The Democratic Party made much of its inroads in 2018 by picking off low-hanging fruit, flipping some legislatures and half of Congress by winning districts with big demographics shifts, mainly in urban and large suburban areas. It was a huge first step, but any hope of a sustained majority and transformative progress is going to require success in more rural areas, which have become the bright-red homes to some of the most unhinged right-wing Republican lawmakers.
North Carolina is a perfect example. Democrats, powered by new voters in cities like Charlotte and Raleigh, won more votes in the state in 2018, and were able to break the GOP supermajority, but Republicans still won more seats in the state legislature and a whopping 10 out of 13 Congressional seats. Why? In a vile cycle of systemic evil that took decades to install, Republicans took control of rural areas, seized the state government in the 2010 wave election, and then gerrymandered the hell out of the state map. The NC GOP is a melange of unhinged reactionaries, and has been advancing blatantly anti-democratic, anti-human laws ever since, from voter ID to the ignominious anti-trans bathroom bills.
The 2018 election was a good first step for Democrats in the state, but the modest gains could prove short-lived if the 2020 election isn’t even better. “If it’s not divided at least between a majority in the two state houses,” explains Todd Zimmer, the co-founder of the activist group Down Home North Carolina, “the Republicans will be able to draw all the maps again right after the 2020 census and put us right back where we were 10 years ago.”
Democrats need to pick up five seats in the State Senate and six in the State House to take back the majority in each chamber, and now the road to restoring sanity and building equality in North Carolina runs through the still-red rural parts of the state. Down Home NC is helping to lead the charge. They’re working to build grassroots power 365 days a year, with an eye on winning elections at the local level up through the US Senate (North Carolina has a top-tier race in 2020), by organizing working people on a county-by-county level.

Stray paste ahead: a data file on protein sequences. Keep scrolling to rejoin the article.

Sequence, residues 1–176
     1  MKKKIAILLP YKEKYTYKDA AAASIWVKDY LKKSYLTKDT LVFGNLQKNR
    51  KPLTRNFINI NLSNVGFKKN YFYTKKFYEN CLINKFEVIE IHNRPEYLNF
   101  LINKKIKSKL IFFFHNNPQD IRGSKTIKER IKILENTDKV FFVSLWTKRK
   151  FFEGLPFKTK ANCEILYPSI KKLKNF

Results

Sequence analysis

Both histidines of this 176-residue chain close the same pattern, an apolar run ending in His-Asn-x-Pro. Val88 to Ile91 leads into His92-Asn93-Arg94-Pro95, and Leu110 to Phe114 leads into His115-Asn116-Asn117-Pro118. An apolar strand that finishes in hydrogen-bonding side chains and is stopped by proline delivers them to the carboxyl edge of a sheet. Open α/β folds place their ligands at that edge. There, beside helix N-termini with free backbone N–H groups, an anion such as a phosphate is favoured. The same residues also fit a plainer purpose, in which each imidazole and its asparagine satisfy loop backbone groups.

“We set out to start building permanent long-term infrastructure, including candidate pipelines,” Zimmer says. As a county-based organization with a state-wide umbrella leadership, Down Home North Carolina right now has three main chapters, two in Appalachian Mountain West and one in the central Piedmont of North Carolina. This will be a year of rapid expansion, with two more planned for 2019, one in the Appalachians and another Piedmont chapter closer to Charlotte. Unlike many groups, the local infrastructure is less a tool for disseminating top-down messages and priorities than rallying grassroots energy tailored to regional needs.